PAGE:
Claustrophobics Have Distorted Personal Space
Everyone has their own "personal space" — the distance or boundary an individual needs to define their own comfort zone. New research suggests those who project their personal space too far beyond their bodies — beyond the norm of arm's reach — are more likely to experience claustrophobic fear.
The study is one of the first to focus on the perceptual mechanisms of claustrophobic fear. The theory is that individuals with claustrophobic fear have problems with spatial perception.
"We've found that people who are higher in claustrophobic fear have an exaggerated sense of the near space surrounding them," said psychologist Dr. Stella Lourenco, who led the research. "At this point, we don't know whether it's the distortion in spatial perception that leads to the fear, or vice versa. Both possibilities are likely."
Some form of claustrophobic fear is common for everyone. However, full-blown claustrophobia, found in about 4 percent of the population, can trigger panic attacks when someone finds themselves in a "tight" situation such as a crowded elevator or riding through a tunnel.
"Increasing our understanding of the factors that contribute to claustrophobia may help clinicians develop more effective therapies for what can be a highly debilitating fear,” said Dr. Matthew Longo, one of the study's co-authors.
Claustrophobia is not easy to define as some people who experience traumatic events in restricted spaces don’t develop full-blown claustrophobia, said Lourenco.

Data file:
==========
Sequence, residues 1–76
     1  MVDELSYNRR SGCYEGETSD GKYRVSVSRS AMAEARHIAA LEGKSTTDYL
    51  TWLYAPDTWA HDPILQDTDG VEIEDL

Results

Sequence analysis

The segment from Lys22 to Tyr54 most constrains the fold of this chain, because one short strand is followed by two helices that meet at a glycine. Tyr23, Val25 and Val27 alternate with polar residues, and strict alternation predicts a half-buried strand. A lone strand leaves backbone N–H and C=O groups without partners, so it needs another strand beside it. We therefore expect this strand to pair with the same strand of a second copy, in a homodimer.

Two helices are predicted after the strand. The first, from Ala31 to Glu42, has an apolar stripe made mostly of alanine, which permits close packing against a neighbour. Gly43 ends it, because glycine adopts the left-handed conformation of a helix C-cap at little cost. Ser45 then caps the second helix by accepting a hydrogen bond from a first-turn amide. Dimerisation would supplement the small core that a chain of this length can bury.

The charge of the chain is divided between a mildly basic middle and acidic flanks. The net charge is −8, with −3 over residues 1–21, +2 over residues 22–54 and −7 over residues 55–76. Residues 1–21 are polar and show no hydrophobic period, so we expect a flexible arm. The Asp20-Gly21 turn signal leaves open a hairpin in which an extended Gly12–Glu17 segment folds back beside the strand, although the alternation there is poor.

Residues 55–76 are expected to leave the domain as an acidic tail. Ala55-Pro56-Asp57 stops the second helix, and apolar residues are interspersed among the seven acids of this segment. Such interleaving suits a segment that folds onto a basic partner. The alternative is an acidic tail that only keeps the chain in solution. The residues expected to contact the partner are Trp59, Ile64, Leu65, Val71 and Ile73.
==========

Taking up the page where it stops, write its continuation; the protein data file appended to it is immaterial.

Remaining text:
"That led us to ask whether other factors might be involved. Our results show a clear relation between claustrophobic fear and basic aspects of spatial perception."
Researchers believe claustrophobia and acrophobia (the fear of heights) are tied to some imbalance in how we normally perceive objects that are close and far away.
"It makes adaptive sense to be more aware of things that are closer to the body, for both utilitarian purposes and defensive ones," Lourenco said. "It also makes adaptive sense to be afraid of things that are too far away from you on the vertical dimension, since there can be a great cost to falling."
As a continuation of their research, the investigators are asking normal research subjects, who are not seeking treatment for claustrophobia or acrophobia, to estimate various distances.
While the subjects who have higher levels of claustrophobic fear underestimate horizontal distances, those who have more acrophobic fear overestimate vertical distances.
"One intriguing possibility is that these two types of fear may form opposite ends of a single spatial-perceptual continuum," Lourenco said.
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